- Setting up a home bar can be expensive.
- So it pays to know which more affordable bottles are the best out there.
- We asked bartenders and experts for their recommendations for cheaper, but great, alcohol.
- They recommended types of mezcal, rum, and bourbon, among others.
- Visit INSIDER’s homepage for more stories.
Whether you’re trying to set up a bar in your home, make your favorite cocktail more affordable, or find a cheap but nice gift for a friend or family member, knowing which bottles of liquor you can buy without breaking the bank is good information to have. Booze can get expensive quickly, so INSIDER turned to the experts — bartenders, bar managers, and beverage directors — for their take on the best cheap liquor you can buy.
Melinda Cooper, a bartender at Brasserie by Niche in St. Louis, said that doing a bit of research into how the spirits were made or what tools were used during the production process can potentially tell you a lot more about the quality of the product than just looking at how much it costs. Schroeder would agree with that.
“Look for the producer’s name on the label, the name of the town where it’s made, and ideally the size of the lot produced,” Schroeder said. “Something that comes from a 300 L lot stands the real chance of being more interesting than something from a 5000 L run.”
Luckily, in most cases, there are great bottles to be found at prices that won’t cause you to start nervous-sweating. Whether you’re a gin drinker or you prefer whiskey, you have some very solid options.
It’s worth noting that we listed prices when available, but they can vary wildly based on where you are.
Though you may be tempted to try and get a flashy alcohol, for rum, it’s best to keep it simple and delicious.
“ Plantation 3 Star is a great rum to keep around. It’s simple, crisp, fresh and works its way into plenty of my batched punches during the summer,” Marina Holter, co-head bartender at The Whistler in Chicago, told INSIDER.
If bourbon, specifically, is your drink of choice (or, at least, your spirit of choice), you’re probably regularly on the hunt for something that’s great, but not too pricey.
“ Very Old Barton (~$10) is a bourbon I normally keep in my liquor cabinet. I became fond of it when working in a whiskey-centric bar and it has still held a place in my heart. It’s cheap enough that I don’t fret making a whiskey sour for an acquaintance, and nice enough to shoot with friends,” Holter added.
“Another of my current favorites on a budget is Missouri Spirits Bourbon(~$30),” Cooper said. “Straight out of Springfield, Missouri Bourbon is just that — 100% Show Me State down to the paper for the label and glass in which it is bottled. It’s at the higher end of cheap, but still, for $28-$30 you’re can get a deliciously smooth, cocktail-friendly bourbon that both tastes great and looks great on the shelf.”
“I’ve been clamoring for affordable bourbon! There are a few out there that never cease to stay cheap, but a lot of newer offerings just get closer to that $30-40 range,” Laurent Lebec, the brand beverage director at Big Star in Chicago, told INSIDER. “I was blown away by Old Forester’s new rye whisky (~$30): 100 proof, bold and with a magnificent mouthfeel that’s lush far beyond its four years of age. The larger addition of barley to the mash bill pushes some baked bread, toasted sweet nut and caramelized notes to the front that balance out some of the spice from the rye. I have been recommending it to anyone who’ll listen.”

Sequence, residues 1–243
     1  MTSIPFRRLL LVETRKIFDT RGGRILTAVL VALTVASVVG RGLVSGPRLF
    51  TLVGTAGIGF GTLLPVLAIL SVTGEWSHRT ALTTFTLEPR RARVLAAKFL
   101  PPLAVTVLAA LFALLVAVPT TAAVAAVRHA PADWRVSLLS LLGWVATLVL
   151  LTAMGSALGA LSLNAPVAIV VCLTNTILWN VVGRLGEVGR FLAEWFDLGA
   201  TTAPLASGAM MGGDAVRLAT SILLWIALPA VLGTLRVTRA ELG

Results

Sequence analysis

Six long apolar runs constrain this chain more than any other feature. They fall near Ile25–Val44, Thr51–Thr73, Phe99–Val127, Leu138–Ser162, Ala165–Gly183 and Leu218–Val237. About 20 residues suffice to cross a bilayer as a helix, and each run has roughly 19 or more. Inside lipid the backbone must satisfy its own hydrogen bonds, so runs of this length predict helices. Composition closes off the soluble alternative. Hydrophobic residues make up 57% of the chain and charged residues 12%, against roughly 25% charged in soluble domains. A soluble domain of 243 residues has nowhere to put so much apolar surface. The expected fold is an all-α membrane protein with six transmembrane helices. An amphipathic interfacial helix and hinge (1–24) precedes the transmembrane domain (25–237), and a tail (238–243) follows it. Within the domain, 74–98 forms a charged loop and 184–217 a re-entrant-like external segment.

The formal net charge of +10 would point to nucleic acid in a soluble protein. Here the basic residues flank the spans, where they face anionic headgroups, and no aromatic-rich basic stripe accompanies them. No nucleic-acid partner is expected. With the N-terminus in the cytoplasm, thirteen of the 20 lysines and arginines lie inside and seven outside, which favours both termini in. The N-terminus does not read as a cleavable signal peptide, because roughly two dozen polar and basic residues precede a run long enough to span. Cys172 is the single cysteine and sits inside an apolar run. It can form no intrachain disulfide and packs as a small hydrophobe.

“My 21-year-old self picked up a bottle of Prairie Organic Gin(~$19) for a house cocktail years ago and I still grab it today for parties. I find it refreshing to use an option different than the normal finds. It’s dry and herbaceous therefore lending itself to a multitude of drinks,” Holter said.
Cooper loves CH London Dry Gin from CH Distillery in Chicago. “For $20, give or take, you get a gin that is handmade from organic Illinois grain which holds up in a cocktail just as well as by itself on the rocks with a twist.”
Mezcal is one variety that presents some challenges when it comes to finding low-priced options that are still delicious.
“Of all the various types of liquor one could try to acquire for $25, mezcal probably presents the greatest challenge,” Jay Schroeder, the beverage director and partner at Quiote and Todos Santos in Chicago, told INSIDER. “Blended scotch, American whiskey, gin, rum, even the venerable category of cognac all have rock solid value offerings. Mezcal becomes tricky because the cost of the plant, the taxes levied by the Mexican government, and the cost of crossing the border all add up in a very real way.”
It’s not impossible though. Schroeder said that there are a few options that you have if you’re looking for an affordable mezcal.
“Thankfully, agave Espadin offers solid values in the category, as this particular type of agave plant has been subject to cultivation and there exists a thriving open market for agave supply,” Schroeder added. “That being said, the best values in the mezcal world exist in Espadines that are geared towards cocktail usage.
“For those willing to spend just a bit more, the lineups of Espadines from Alipus ($49), Nuestra Soledad, and Del Maguey (~$30) all offer great pound-for-pound value. At the cheaper end of the spectrum exist the cocktail boys – Banhez (~$40)- which is an ensemble of Espadin and Barril, Siete Misterios Doba Yej ($40), and Del Maguey Vida (~$33).”
Cooper said that Lunazul Blanco ($25-30) is an excellent choice. “Not too crazy, not too cheap, Lunazul is a hand-crafted, award-winning, 100% agave product hailing from a family rife with history in the art of making tequila,” she explained.